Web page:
Intel has been talking up its Rack Scale Architecture for years. We’ve seen reference designs, proclamations of loyalty from major server vendors, and a development plan for the next decade or so.
There was one thing missing – an actual product. Enter Ericsson Hyperscale Datacenter System 8000, the very first Rack Scale design, announced not at Intel Developers Forum or CeBIT, but at Mobile World Congress – an event where, until very recently, servers had little presence.
This announcement could define the design of hyperscale data centers for years to come. And yet, HDS 8000 will not feature Intel’s silicon photonics, which has been positioned as the centerpiece of Rack Scale. Instead, it will use the PSM4 optical interconnect developed by US-based Luxtera.
Here comes the boom?
Rack Scale is a disaggregated architecture which allows replacement of individual rack components, while the whole cabinet behaves as one large virtualized server with shared cooling and power. Developed by Intel, it relies on either Xeon processors or Atom SoCs.
At the core of Rack Scale are dozens of strands of optical fiber – they act like blood vessels or nerves of the system, allowing those individual components to talk to each other using standardized hardware APIs.
This approach removes the need for ‘top of rack’ networking and results in much denser systems – up to 1.5x more dense, by Intel’s count.
Until now, whenever Intel would talk about Rack Scale it would mention silicon photonics – a technology which integrates a hybrid silicon laser and electronic components onto the same die, using cheap semiconductor manufacturing methods. When we are using light instead of electrons, data can be transported internally at speeds of up to up 800Gbps in each direction.
At least part of the reason why Rack Scale took so long to get to production lies in Intel’s difficulties with the silicon photonics manufacturing process – something it wasn’t afraid to admit publicly. Now, it turns out the first Rack Scale appliance won’t feature Intel’s silicon photoniccs at all – instead Ericsson will be using 1310nm multi-ribbon fiber and silicon photonics chipsets from Luxtera.
Not many details are known about the HDS 8000 itself. We know it will feature optical interconnects. We also know how it will look like – courtesy of this epic promotional video – but what we don’t know is what’s inside the box.
There are more questions to be answered - for example, why did Intel choose to peddle Rack Scale to telecoms? My guess would be because they are desperate. Network Function Virtualization (NFV) is not being adopted fast enough, and cloud–based services like WhatsApp or Snapchat are eating network operators’ lunch.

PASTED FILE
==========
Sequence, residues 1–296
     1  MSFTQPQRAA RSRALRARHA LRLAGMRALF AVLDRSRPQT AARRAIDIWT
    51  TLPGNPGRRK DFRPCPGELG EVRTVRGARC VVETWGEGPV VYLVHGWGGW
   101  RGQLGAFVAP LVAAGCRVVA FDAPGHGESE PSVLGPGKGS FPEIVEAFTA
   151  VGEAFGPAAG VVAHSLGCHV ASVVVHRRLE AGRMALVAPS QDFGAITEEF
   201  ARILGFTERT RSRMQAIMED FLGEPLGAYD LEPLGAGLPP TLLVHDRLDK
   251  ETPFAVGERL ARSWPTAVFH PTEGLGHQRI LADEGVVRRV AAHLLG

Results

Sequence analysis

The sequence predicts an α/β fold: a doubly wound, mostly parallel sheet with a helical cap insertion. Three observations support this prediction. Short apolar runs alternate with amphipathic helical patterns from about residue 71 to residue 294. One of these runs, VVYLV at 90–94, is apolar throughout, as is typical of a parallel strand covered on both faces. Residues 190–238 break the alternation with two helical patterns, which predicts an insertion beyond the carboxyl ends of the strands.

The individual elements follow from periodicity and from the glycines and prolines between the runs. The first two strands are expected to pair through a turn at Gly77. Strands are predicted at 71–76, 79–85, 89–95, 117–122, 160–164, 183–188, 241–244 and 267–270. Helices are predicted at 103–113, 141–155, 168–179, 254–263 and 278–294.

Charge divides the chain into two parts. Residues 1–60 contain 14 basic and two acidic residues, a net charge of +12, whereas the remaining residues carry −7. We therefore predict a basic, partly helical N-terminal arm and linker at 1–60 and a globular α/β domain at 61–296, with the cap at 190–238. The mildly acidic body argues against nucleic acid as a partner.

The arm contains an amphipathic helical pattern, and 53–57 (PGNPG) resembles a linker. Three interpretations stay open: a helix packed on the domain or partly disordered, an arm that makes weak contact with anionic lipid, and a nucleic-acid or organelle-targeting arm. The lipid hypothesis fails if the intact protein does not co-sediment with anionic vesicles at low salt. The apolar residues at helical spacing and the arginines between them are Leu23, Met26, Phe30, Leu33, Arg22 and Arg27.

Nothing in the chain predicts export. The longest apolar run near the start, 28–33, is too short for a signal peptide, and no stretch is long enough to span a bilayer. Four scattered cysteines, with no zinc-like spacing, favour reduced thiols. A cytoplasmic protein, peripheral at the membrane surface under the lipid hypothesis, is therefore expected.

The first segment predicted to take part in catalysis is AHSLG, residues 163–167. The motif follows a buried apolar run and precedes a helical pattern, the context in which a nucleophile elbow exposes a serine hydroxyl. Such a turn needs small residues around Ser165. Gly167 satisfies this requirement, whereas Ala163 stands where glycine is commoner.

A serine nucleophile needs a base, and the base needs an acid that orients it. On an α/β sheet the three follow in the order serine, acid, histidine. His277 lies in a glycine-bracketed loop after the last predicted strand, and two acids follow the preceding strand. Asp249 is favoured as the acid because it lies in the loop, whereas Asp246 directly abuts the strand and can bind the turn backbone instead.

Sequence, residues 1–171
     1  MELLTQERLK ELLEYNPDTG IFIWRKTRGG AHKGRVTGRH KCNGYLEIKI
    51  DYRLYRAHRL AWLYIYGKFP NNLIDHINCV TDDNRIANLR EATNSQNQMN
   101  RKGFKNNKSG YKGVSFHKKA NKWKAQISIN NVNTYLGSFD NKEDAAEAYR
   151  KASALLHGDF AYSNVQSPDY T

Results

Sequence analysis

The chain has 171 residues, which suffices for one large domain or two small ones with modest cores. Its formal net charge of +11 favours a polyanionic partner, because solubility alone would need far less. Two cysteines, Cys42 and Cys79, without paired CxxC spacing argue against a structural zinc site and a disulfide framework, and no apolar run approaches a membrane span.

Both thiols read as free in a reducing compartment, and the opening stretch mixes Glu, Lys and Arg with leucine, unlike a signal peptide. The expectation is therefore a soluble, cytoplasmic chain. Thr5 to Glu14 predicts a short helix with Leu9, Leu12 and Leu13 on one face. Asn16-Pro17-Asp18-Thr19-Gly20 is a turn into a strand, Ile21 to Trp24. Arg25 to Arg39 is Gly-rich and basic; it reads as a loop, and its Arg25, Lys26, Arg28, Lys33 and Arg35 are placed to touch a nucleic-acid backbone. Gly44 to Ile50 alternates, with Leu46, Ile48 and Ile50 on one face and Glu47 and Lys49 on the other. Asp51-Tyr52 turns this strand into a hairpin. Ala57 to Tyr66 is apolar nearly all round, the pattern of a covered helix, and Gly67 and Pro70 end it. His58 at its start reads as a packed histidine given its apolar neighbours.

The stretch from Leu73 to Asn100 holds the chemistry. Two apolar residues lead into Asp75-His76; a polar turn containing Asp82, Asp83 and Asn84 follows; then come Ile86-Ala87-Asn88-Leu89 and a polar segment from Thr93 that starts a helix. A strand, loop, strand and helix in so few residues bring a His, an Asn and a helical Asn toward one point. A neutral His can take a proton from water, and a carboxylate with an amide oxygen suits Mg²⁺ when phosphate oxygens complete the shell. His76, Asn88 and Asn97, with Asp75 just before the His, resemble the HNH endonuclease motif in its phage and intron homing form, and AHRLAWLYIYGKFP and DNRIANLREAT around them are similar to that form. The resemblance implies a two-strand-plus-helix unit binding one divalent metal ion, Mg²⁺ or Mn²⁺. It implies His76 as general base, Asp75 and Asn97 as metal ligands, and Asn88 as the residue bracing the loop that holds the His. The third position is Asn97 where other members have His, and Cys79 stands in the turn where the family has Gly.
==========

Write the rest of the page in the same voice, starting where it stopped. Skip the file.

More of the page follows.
When somebody tells you that you can lower your costs, improve agility and have as much computing muscle as the public cloud vendors who have caused you so much grief – well, you might start to listen.
Then, there’s the reputation of Ericsson – a Swedish company that has been making telephones since 1879. You really don’t get much more weight to your name (unless you’re Bell Labs).
Why try harder
Traditional data center players have chosen to focus their attention on the tangible successes of the Open Compute Project rather than latent potential of Rack Scale, but in fact the two are complimentary - OCP is focused on the hardware specification and modular upgradability, while Rack Scale takes care of management firmware and APIs.
The current reference implementation of Rack Scale is actually based on OCP hardware, and will be presented next week at the Open Compute Summit.
Intel is also invested heavily into ‘microserver’ projects like HP’s Moonshot or Dell’s PowerEdge. It doesn’t see Rack Scale as a competing architecture as much as the next stage of evolution – the company previously said that microserver compute ‘sleds’ could fit perfectly into a Rack Scale server.
And yet, the joint announcement of HDS 8000, made by both CEOs standing side by side, didn’t generate nearly as much coverage as it should have – the inherent danger when announcing new products at an event as news-packed as MWC.
We will not see HDS 8000 in the flesh until the fourth quarter of 2015. By this time, several more hardware vendors are likely to announce their own implementations of Rack Scale. But the most important question is whether Intel can make its silicon photonics work in time – otherwise customers will buy their photonics chipsets somewhere else.